(7) Epidemiological and related infectious disease surveillance data should be provided for the intended population of vaccines, with the aim of determining the incidence of the disease, the proportion of infections and morbidity, clinical manifestations, diagnostic criteria, high-risk groups (age, gender, ethnicity or population, geography), social characteristics and seasonal factors, etc.). On this basis, determine the number of samples and clinical trial time for the population required for the assay.

    (8) Pharmacokinetic studies are generally not required for injectable vaccines because they do not provide useful information for determining the appropriate recommended dose, but should be considered when administered by other routes.

    The monitoring of its effectiveness, safety and quality when the vaccine is used after marketing is called Phase IV clinical assay.

    (A) The purpose of the Phase IV clinical trial is to monitor the various conditions of the vaccine in the normal use of a large number of target populations in order to identify adverse reactions and monitor effectiveness/effectiveness. A more accurate assessment of adverse effects and effectiveness can be obtained by actively monitoring and carefully counting data from Phase IV clinical trials. For sporadic and rare diseases, the entire population needs to be investigated to ensure statistical credibility, but general research is often limited to groupings.

    (B) In most cases, phase IV clinical trials were conducted in a case-control or observational cohort study.

    (C) Post-marketing monitoring and research mainly focus on the following aspects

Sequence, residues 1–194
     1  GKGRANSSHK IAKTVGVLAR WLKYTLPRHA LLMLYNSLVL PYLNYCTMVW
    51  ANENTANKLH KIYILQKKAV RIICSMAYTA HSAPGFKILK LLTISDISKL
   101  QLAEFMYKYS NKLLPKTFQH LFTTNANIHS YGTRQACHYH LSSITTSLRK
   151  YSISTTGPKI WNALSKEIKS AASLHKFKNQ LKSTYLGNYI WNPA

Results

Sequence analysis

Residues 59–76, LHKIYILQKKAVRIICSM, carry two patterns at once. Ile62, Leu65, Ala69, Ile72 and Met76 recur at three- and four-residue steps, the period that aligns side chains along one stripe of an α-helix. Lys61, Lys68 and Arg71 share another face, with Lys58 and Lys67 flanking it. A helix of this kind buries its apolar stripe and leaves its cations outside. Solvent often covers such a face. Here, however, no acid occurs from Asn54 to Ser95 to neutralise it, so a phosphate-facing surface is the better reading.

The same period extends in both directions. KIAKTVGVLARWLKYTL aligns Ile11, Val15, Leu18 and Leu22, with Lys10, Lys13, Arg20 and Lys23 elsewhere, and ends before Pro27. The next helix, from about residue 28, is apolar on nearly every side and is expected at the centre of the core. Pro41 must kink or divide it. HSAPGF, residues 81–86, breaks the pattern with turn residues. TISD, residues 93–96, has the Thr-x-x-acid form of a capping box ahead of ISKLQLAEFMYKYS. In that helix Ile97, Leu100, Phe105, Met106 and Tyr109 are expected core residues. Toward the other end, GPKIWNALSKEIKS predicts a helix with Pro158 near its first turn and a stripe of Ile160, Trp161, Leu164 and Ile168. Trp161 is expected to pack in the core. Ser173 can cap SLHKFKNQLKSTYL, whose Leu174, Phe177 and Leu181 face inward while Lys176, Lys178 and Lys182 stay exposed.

1. The best application of the vaccine (the age of simultaneous use with other vaccines, changes in vaccine strains, etc.).
    2. Effectiveness in some high-risk groups (elderly, immune-tolerant patients, patients with certain diseases).
    3. Long-term effects and safety monitoring.

    (D) In order to ensure post-marketing monitoring, the applicant is obliged to submit the post-marketing monitoring plan when applying for registration. The monitoring results (effectiveness, adverse reactions and quality) should be reported to the State Food and Drug Administration. Post-marketing surveillance projects should be commensurate with disease epidemiology, infrastructure and target areas. Before starting to implement post-marketing monitoring projects, the basic standards of effectiveness, safety and quality should be clearly defined.

    (E) The following aspects should be evaluated in the Phase IV clinical assay plan:

    1. Target disease impact (morbidity, mortality).
    2. The potential for disease epidemics.
    3. Whether the disease is a specific target for a national, regional or international disease surveillance program.
    4. Whether information collection on infectious diseases can cause significant public health impacts.